Cholesterol Efflux and Atheroprotective Effects Video Interview Activity

Curriculum:
N/A
Credits:
1.75 AMA PRA Category 1 Credit(s)™
Launch Date:
04-Oct-12
Expiration Date:
The accreditation for this activity has expired.

Primary Audience:

No primary audience was provided.

Relevant Terms:

No primary audience was provided.

H. Bryan Brewer, Jr., MD, FNLA

H. Bryan Brewer, Jr., MD, FNLA
Director, Washington Cardiovascular Associates
Senior Research Consultant
Lipoprotein and Atherosclerosis Research
MedStar Research Institute
Washington Hospital Center
Washington, DC

H. Bryan Brewer, Jr., MD, is director of the Washington Cardiovascular Associates and senior research consultant of lipoprotein and atherosclerosis research in the Cardiovascular Research Institute, MedStar Research Institute, Washington Hospital Center in Washington, DC. From 1976 to 2005, he held the position of chief of the Molecular Disease Branch of the National Heart, Lung, and Blood Institute (NHLBI) of the NIH in Bethesda, Maryland. 

Dr. Brewer earned his Bachelor of Science from Johns Hopkins University in Baltimore, Maryland, and his Doctorate of Medicine from Stanford University School of Medicine in Stanford, California. He completed his internship and residency training in internal medicine at Massachusetts General Hospital in Boston, Massachusetts, after which he joined the NHLBI of the NIH in Bethesda, Maryland.

Dr. Brewer's research led to the elucidation of the first published sequences for the human plasma apolipoproteins, the initial determination of the metabolism of the plasma apolipoproteins in normal and hyperlipidemic individuals, as well as the identification of multiple gene defects leading to the genetic dyslipoproteinemias. In addition, he pioneered the use of transgenic mice and rabbits as well as recombinant adenovirus vectors to identify genes that modulate lipoprotein metabolism and the development of atherosclerosis. Most recently, his research has focused on acute HDL therapy employing HDL infusions to decrease atherosclerosis in patients with acute coronary syndrome.

Dr. Brewer has been the recipient of the JD Lane Investigator Award from the Public Health Service; the Heinrich Wieland Prize from the Federal Republic of Germany; and the Public Health Service Commendation, Meritorious Service, and Distinguished Service Medals from the NIH. He has served as a member of the board of the National Cholesterol Education Program, which established treatment guidelines for patients with hyperlipidemia in the United States. He has published more than 400 original reports and 70 reviews and book chapters on the subjects of genetic dyslipoproteinemias, lipoprotein metabolism, and atherosclerosis.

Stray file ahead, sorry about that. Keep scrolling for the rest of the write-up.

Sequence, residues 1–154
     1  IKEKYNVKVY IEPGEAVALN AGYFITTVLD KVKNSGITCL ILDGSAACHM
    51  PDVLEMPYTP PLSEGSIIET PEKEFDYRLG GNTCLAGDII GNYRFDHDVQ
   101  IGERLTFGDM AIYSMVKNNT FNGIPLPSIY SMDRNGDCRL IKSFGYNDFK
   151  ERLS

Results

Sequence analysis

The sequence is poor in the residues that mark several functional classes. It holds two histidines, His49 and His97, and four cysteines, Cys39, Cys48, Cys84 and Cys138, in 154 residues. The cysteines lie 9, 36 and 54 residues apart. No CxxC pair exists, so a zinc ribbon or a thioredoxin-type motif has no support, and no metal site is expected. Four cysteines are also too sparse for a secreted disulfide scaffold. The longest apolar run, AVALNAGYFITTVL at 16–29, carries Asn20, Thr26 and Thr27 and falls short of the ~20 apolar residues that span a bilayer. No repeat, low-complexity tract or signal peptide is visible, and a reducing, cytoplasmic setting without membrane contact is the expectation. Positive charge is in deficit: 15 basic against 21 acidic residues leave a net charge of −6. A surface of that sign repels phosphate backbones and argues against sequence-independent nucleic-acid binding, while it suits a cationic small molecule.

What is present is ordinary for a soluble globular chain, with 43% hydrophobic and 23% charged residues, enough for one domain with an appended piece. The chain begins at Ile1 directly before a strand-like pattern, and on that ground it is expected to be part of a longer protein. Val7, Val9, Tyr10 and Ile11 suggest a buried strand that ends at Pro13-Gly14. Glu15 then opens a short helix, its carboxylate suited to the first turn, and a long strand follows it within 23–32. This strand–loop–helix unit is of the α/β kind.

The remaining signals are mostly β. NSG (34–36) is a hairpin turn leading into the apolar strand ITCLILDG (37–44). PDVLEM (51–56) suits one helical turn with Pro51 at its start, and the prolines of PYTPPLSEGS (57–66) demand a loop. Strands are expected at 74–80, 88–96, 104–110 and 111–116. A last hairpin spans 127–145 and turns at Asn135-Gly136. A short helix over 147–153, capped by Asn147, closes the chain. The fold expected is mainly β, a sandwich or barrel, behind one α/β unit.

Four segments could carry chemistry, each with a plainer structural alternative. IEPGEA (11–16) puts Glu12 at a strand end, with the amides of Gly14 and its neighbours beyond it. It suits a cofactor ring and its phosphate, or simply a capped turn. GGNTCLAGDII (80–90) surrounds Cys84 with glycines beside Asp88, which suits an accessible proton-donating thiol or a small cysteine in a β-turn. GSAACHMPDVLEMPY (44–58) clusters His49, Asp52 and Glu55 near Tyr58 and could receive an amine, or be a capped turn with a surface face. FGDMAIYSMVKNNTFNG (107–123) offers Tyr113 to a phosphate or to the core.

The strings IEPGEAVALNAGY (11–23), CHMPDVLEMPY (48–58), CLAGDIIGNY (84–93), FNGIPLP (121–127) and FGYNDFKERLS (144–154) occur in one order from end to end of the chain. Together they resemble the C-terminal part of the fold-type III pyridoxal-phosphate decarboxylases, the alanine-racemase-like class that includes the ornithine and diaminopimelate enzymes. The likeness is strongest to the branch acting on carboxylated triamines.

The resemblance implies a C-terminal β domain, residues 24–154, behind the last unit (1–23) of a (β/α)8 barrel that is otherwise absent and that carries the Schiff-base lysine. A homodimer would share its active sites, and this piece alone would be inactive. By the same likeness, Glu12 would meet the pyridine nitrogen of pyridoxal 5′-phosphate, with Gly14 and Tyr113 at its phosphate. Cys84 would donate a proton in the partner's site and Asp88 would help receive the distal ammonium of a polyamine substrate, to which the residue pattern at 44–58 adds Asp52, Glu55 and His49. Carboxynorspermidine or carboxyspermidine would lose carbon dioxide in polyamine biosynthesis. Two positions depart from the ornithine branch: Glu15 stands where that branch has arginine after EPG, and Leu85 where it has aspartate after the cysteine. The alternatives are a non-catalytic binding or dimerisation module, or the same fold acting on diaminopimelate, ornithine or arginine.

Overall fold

Robert S. Rosenson, MD, FACC, FAHA, FACP, FNLA

Robert S. Rosenson, MD, FACC, FAHA, FACP, FNLA
Director, Cardiometabolic Disorders
Mount Sinai Heart
Professor of Medicine
Mount Sinai School of Medicine
New York, New York

Robert S. Rosenson, MD, FACC, FAHA, FACP, is the director of cardiometabolic disorders at Mount Sinai Heart Institute and professor of medicine at Mount Sinai School of Medicine in New York City. Previously, he was the division chief of endocrinology, diabetes, and metabolism at SUNY Downstate Medical Center in Brooklyn, New York. Prior to his time in New York, Dr. Rosenson was the director of lipoprotein disorders and clinical atherosclerosis research and professor of medicine at the University of Michigan School of Medicine in Ann Arbor as well as an attending physician in the Department of Medicine of the University of Michigan Health System.
 
Dr. Rosenson earned his medical degree from Tulane University in New Orleans, Louisiana. He then served his residency in medicine at Brigham and Women's Hospital in Boston, Massachusetts. He later completed a fellowship in cardiology at the University of Chicago.
 
Dr. Rosenson has been involved in numerous grant-supported research investigations studying the effects of lipid-lowering therapy; hypoglycemic therapy; and antihypertensive agents in inflammation, thrombogenesis, and rheology. He has served as principal investigator on a number of National Institutes of Health (NIH)-funded research studies, pharmaceutical-sponsored drug trials, and multicenter studies. He has been an invited speaker at more than 150 national and international association meetings, grand rounds, and symposia. He has authored more than 600 journal articles, book chapters, abstracts, and electronic publications.
 
Dr. Rosenson is a diplomate of the American Board of Internal Medicine, with a subspecialty in cardiovascular disease; the National Board of Medical Examiners; and the National Lipid Association. He currently serves on a number of committees for professional societies and as a member of the Program Committee and Expert Document Committee for the American College of Cardiology. He is a fellow of the American Heart Association Council on Epidemiology and Prevention, and he is a fellow of the American Heart Association Council on Arteriosclerosis, Thrombosis, and Vascular Biology. He has been the recipient of a number of awards and honors, including the Ground-Breaking Doctors Award from Chicago magazine.

W. Sean Davidson, PhD

W. Sean Davidson, PhD
Professor and Director
Center for Lipid and Arteriosclerosis Science
University of Cincinnati
Cincinnati, Ohio